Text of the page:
North American equity markets had another solid week, with both the S&P 500 and S&P TSX closing the week higher. Coming on the heels of last week’s gain, crude oil prices also continued to rally, stoked by vaccine optimism and expectations that faster growth in the second half of this year would accelerate the drawdown of inventories. The benchmark WTI price surpassed US$59 a barrel – a level last seen just prior to the onset of the global pandemic more than a year ago (Chart 1).
Recovery in oil prices is certainly good news for Canada’s energy sector. However, Canada’s economic fortunes continue to hinge on virus containment and the vaccination campaign. There was some reassuring news on both of these fronts this week. First and foremost, the number of COVID-19 cases have declined significantly since the start of the year. As a result, an increasing number of provinces have announced gradual re-opening plans. This week, Ontario joined other provinces in lifting restrictions, with non-essential businesses allowed to reopen with reduced capacity. Toronto and other hotspots will need to wait for another two weeks before schools and businesses will be allowed to re-open.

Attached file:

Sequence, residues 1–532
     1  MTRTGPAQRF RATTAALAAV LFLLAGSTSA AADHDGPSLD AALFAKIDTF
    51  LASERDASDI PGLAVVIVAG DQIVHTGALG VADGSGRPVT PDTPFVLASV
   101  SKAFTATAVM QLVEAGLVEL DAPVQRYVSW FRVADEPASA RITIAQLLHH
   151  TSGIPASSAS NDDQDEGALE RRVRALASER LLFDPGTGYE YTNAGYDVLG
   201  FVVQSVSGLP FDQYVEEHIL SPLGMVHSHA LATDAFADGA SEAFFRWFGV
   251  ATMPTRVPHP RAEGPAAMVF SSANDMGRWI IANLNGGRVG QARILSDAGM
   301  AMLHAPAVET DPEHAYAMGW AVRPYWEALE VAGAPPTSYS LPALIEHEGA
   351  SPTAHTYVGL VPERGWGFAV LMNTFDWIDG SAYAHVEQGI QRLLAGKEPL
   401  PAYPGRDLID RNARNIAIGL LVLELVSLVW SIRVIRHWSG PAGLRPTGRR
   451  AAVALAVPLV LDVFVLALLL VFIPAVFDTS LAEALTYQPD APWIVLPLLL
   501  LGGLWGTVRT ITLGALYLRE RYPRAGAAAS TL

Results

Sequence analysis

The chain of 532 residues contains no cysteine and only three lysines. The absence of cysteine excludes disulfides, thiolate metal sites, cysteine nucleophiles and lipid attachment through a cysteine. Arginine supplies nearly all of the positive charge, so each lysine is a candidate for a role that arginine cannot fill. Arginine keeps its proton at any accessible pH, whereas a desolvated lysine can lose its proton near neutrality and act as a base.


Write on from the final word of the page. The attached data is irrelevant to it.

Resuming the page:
The recent easing of the restrictions will be welcomed by businesses, but widespread vaccinations is the only cure to this stop-and-go economy, particularly amid the spread of more contagious variants of the virus. On this front, Pfizer-BioNTech vaccine deliveries are expected to ramp up significantly starting next week. With retooling of the Pfizer plant which slowed earlier deliveries, now complete, it appears that the company will be able to deliver the contracted four million doses by the end of March. If vaccine rollout continues to pick up in the coming months as communicated by the government, we estimate it will still take until the end of 2021 for Canada to achieve herd immunity (Chart 2).
Concerns about hospital capacity have been a key trigger for Canadian provinces to tighten restrictions. International experiences indicate that hospitalizations can be more quickly reduced by focusing vaccinations on the elderly and other at-risk populations. As we discuss in a report published this week, the e